I had many teachers I highly respected when I was a student — and I had some who made me wonder why they were still allowed in the school each day.
The same may be true today, but I hope not.
When I watch the way things far too often play out in area school districts, I have to wonder, though.
And I figure that I’m not the only one who may be older, but not wiser.

Tuesday, February 17, 2009


Associated Press Photo

Enough said?
Just read this...

WILKES-BARRE (AP) — A Pennsylvania woman has been ordered to stand trial for marketing "gothic kittens" with ear, neck and tail piercings over the Internet.
Dog groomer Holly Crawford faced a preliminary hearing Tuesday on animal cruelty charges.
Crawford's home outside Wilkes-Barre was raided Dec. 17 after the SPCA of Luzerne County received a tip that she was marketing the animals online for hundreds of dollars.
A prosecutor says Crawford inflicted pain on the cats to make money. Her defense attorney says state law says nothing about piercing cats and docking their tails. District Judge Paul Hadzick calls it a gray area of the law that needs to be decided by a trial judge or jury.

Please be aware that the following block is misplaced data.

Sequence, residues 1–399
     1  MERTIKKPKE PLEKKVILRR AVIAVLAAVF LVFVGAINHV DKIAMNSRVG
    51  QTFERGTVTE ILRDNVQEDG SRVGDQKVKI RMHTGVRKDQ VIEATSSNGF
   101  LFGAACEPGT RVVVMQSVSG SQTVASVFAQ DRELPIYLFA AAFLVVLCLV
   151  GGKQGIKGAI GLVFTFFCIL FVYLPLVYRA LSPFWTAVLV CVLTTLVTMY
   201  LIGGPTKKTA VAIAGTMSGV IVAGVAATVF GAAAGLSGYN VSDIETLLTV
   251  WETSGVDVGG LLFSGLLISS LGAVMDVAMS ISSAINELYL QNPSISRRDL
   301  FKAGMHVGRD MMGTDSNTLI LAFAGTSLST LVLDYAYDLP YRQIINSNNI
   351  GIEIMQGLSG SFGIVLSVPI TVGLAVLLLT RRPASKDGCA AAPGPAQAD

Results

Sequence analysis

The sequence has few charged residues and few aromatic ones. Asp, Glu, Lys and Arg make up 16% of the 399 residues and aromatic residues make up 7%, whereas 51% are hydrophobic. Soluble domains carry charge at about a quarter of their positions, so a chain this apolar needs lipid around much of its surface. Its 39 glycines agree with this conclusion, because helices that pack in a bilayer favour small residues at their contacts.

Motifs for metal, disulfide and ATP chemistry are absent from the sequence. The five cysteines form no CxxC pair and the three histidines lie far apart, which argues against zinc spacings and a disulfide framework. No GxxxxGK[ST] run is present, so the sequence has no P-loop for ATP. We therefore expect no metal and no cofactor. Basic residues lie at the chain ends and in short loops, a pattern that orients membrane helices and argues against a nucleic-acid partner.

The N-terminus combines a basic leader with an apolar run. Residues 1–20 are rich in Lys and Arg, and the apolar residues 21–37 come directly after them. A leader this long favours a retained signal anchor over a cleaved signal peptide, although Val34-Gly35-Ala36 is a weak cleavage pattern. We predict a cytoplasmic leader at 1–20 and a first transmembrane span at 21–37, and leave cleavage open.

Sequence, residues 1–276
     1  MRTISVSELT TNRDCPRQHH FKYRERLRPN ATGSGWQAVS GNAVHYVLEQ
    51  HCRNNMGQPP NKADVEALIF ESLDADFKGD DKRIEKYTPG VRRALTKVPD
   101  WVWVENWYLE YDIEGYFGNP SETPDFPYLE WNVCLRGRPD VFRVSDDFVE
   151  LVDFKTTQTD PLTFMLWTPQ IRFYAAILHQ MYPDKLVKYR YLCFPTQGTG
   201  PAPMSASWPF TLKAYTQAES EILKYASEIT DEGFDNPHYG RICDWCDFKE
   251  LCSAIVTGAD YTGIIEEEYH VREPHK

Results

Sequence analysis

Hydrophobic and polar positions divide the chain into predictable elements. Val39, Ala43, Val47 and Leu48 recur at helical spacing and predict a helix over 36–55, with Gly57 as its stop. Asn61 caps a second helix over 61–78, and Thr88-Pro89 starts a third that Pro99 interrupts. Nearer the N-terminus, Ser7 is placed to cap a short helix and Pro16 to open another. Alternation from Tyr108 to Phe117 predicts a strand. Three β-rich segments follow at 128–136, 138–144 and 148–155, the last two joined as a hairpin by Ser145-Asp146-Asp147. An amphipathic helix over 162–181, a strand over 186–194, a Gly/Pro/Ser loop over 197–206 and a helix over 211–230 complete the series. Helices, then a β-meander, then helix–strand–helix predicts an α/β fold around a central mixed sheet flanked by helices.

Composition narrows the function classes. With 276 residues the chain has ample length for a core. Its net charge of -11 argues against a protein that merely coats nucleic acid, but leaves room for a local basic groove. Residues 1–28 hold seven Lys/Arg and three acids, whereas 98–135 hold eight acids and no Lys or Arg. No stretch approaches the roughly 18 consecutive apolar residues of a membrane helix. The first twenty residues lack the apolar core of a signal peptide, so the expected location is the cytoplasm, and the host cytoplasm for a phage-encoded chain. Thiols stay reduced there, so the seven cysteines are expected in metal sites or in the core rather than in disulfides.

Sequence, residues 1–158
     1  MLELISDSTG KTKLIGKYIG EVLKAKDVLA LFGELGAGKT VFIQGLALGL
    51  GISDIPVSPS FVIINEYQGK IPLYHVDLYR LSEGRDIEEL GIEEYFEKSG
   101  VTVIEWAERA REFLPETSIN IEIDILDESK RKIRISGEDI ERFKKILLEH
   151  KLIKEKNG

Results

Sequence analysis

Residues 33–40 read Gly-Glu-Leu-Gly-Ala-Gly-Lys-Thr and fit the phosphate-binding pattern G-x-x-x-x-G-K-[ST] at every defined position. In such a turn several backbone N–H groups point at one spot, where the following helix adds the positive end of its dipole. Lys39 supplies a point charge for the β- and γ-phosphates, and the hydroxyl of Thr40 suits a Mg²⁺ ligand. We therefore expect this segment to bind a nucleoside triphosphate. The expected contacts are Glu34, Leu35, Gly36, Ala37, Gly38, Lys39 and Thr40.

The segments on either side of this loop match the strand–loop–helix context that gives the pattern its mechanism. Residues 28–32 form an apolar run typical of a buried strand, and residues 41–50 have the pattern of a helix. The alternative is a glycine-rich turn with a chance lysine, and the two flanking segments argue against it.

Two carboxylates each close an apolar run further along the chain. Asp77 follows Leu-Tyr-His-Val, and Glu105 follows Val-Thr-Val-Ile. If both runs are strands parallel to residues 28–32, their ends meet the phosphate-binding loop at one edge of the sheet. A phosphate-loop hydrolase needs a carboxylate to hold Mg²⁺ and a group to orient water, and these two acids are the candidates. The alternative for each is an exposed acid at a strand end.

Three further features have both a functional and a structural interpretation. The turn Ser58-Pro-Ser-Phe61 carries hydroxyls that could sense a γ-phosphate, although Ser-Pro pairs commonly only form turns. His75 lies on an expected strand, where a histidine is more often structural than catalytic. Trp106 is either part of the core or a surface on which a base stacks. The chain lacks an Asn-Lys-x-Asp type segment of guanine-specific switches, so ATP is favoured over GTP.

Charges against a second defendant, William Blansett, were dropped Tuesday after Crawford admitted she was solely responsible for piercing the cats.

Saturday, February 14, 2009

happy day!

It's Valentine's Day and it's my birthday...
so here's my present to all of you.

Friday, February 13, 2009

friday the 13th!

Come on, you don't REALLY believe that hype about black cats, ladders and broken mirrors, do you?
Just look at this beautiful feline ... doesn't that despell those fears?
But, to be on the safe side, maybe you'd better not step on any sidewalk cracks, be sure to throw any spilled salt over your shoulder and be on the lookout for 4-leaf clovers.
I hope the day goes as smoothly as possible for everyone ... and don't forget, tomorrow's Valentine's Day!

Thursday, February 12, 2009

here kitty, kitty

It's no secret that I love cats, having a "flock" of them of my own -- who somehow or other found my home and made it their own.
So I thought I would share this heart-warming story from the Associated Press for your enjoyment.
Oh, and the photo featured today is of Keegan, a cat up for adoption through Stray Cat Blues, a local cat rescue that can be reached by e-mail at or call 215-631-1851.
Or check out their web page at
Then perhaps you, too, can foster cats. Or, better yet, adopt several!


BLUE ISLAND, Ill. (AP) — Oddly, the cat woman’s reputation started with a dog.
An ornery purebred Scottish terrier, to be exact.
Tammy Gray had been volunteering at Peoples Animal Welfare Society (PAWS) in Tinley Park for just a few months when she learned shelter staffers wanted to put an 8-week old dog to sleep because they believed it was too mean to be adopted.